4. The Connectix corporate bio of VP of Engineering Mike Neil called him the “lead architect on the Pixo OS that is used in ... the Apple iPod.”
It seemed well established that Apple had outsourced the iPod’s operating system to Pixo back in 2001 in order to deliver the new device as rapidly as possible. What had happened since was unclear, because nobody seemed to know anything about Pixo or anything else inside the iPod, apart from its headline generating batteries.
Was the iPod Even an Apple Product?
Apple critics liked giving the credit for the iPod’s success to anyone else apart from Apple, resulting in the legend that iPod was carried by Pixo. As one blogger wrote, “The more that is divulged about the history of the iPod, the more we understand that Apple merely aggregated various pieces of technology.”
The Chronicle article about Pixo cited Paul Saffo, director of Menlo Park's Institute for the Future as proclaiming that “the fact that Apple went to Pixo suggests ‘that they tried it inside and failed.’”
If the iPod’s success hinged upon Pixo, why hasn’t the company or its other clients done anything interesting? Pixo ended up getting bought up by Sun, which certainly hasn’t shipped anything like the iPod. Sun acquired Pixo for its mobile Java download server.
Mercer went on to develop the interface for Samsung’s Z5, which went nowhere before becoming a casualty of the Zune after Microsoft abruptly abandoned its PlaysForSure partners. This March, Mercer was hired as part of Palm Inc.’s iPhone defense panic.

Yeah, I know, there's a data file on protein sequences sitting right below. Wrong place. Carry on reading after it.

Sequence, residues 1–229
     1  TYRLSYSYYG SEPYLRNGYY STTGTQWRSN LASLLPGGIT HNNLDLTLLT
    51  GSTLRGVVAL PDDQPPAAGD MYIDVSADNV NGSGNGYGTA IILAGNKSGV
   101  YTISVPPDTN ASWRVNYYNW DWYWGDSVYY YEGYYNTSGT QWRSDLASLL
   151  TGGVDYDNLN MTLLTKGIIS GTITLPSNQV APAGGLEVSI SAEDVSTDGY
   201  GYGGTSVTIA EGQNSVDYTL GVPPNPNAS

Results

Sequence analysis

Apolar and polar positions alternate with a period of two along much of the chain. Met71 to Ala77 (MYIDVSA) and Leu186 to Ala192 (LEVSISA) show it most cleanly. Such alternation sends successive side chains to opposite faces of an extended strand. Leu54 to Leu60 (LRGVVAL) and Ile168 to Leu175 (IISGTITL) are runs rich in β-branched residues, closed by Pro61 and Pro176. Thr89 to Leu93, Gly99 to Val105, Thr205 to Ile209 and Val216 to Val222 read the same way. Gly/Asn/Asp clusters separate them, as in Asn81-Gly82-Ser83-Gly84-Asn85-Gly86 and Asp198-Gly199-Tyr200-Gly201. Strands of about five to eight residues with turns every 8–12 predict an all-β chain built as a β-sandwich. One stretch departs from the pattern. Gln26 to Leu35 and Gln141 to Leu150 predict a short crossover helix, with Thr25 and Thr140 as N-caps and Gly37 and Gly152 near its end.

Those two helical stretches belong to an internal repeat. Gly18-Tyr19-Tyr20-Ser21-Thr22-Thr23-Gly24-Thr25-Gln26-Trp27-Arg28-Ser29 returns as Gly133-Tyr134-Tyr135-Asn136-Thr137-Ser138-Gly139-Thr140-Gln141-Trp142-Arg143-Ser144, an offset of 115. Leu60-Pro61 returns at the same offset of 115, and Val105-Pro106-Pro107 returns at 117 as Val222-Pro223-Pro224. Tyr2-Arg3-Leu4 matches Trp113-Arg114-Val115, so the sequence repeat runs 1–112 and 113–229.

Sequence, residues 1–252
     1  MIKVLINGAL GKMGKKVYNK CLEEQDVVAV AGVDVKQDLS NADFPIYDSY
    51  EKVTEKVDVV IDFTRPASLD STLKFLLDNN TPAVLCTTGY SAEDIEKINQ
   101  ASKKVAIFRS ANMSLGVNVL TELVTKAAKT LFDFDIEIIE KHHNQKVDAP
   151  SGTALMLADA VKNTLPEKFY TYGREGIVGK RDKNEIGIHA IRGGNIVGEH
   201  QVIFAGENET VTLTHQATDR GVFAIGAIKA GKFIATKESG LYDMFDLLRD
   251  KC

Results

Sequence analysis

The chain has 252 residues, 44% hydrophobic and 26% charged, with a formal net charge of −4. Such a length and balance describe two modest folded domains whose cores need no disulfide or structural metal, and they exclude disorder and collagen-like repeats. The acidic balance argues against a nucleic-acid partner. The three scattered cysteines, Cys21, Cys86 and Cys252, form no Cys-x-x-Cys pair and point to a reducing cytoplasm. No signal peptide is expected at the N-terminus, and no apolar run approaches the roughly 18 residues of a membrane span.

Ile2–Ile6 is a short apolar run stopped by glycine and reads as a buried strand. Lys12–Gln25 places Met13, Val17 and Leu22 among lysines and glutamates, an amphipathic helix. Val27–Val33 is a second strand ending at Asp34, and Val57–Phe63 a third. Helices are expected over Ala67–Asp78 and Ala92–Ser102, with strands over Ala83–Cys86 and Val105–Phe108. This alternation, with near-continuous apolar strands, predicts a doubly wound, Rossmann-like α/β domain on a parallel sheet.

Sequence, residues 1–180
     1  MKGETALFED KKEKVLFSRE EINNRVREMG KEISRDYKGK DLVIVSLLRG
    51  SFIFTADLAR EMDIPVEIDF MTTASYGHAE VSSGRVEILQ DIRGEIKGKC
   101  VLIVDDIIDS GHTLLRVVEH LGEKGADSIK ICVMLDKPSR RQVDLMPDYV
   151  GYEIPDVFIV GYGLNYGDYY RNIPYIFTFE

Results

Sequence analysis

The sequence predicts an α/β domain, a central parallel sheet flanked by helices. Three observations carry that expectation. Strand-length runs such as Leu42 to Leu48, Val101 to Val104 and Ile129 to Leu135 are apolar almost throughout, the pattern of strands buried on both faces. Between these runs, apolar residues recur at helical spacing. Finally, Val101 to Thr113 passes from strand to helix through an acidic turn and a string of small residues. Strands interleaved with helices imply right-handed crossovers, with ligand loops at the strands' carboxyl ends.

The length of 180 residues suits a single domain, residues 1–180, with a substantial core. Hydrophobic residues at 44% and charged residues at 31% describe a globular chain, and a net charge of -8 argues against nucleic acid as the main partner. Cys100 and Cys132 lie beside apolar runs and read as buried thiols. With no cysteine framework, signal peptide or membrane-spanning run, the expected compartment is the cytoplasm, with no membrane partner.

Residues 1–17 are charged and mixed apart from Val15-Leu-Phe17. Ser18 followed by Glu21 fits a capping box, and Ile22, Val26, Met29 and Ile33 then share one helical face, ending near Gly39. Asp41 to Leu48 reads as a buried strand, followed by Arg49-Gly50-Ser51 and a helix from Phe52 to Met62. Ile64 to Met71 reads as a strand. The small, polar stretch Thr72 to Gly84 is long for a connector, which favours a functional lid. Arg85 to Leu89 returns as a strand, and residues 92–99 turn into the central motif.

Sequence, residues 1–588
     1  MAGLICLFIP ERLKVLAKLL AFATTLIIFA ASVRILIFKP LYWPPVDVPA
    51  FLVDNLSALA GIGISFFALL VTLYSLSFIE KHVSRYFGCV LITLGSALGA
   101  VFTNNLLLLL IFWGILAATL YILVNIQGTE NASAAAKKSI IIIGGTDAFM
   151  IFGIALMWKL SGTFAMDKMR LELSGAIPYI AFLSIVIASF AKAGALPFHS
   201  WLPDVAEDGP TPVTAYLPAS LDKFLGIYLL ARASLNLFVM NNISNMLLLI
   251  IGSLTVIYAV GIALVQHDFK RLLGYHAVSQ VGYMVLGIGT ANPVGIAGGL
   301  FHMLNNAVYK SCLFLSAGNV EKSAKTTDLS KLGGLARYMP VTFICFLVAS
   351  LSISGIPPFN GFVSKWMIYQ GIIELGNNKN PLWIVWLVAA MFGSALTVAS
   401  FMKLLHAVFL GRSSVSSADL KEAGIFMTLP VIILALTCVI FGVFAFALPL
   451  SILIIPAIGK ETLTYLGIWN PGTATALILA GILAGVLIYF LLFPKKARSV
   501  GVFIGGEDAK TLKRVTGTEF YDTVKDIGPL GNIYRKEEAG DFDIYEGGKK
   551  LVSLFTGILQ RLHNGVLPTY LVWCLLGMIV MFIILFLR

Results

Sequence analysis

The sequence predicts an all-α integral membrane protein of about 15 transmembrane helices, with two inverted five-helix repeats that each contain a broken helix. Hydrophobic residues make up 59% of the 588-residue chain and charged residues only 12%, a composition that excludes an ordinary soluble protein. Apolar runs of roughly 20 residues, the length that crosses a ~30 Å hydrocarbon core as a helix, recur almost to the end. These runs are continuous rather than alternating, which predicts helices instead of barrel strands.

Perhaps the iPod’s success did have something to do with Apple after all. It turns out that Pixo isn't really an operating system; it’s a graphics and user input layer for mobile devices, similar to the X Window System for Unix or the Mac's Quartz graphics and window management layer, although obviously Pixo is much simpler.
iPod Digging.
If Pixo isn’t running the whole show inside the iPod, is is possible that Apple actually contributed some work toward the device’s success itself? [Update: reader Gavin Lynch found this diagram of the Pixo architecture hiding in the Internet Archive’s Wayback Machine:]
[Update: This passage was regarded by many readers as being poorly written, and “incomprehensibly obtuse in its intermingling of serious points and irony.” To rescue the message from its presentation, I have struck out everything that alluded to Tim Monroe’s spoof. What remains is intended as a serious article. I apologize to anyone who received the original article as confusing or misleading. It was not intended as such.]
Attaching an iPod in disk mode and navigating to the iPod_Control/Device directory, we find:  
-rwxrwxrwx  1 dan     unknown  2872 Jul 12 13:55 Prefs
-rwxrwxrwx  1 dan     unknown   413 Jul 12 05:55 SysInfo
drwxr-xr-x  5 root    wheel     190 Jul 12 08:33 bin
drwxrwxrwt  6 root    wheel     204 Jan 24  2003 cores
dr-xr-xr-x  2 root    wheel     512 Jul  6 13:38 dev
lrwxrwxr-t  1 root    admin      11 Jul  6 13:38 etc
-r--r--r--  1 root    admin  709440 Jul  6 13:38 mach.sym
-rw-r--r--  1 root    wheel  744576 Jul  1 15:21 mach_krn
Oh dear, it turns out the iPod is running Mac OS X--with a Mach kernel and a Unix userland--and has been for years. Add another +100 million iPods to the list of Mac OS X powered devices on the planet. The Windows Enthusiasts are not going to like this!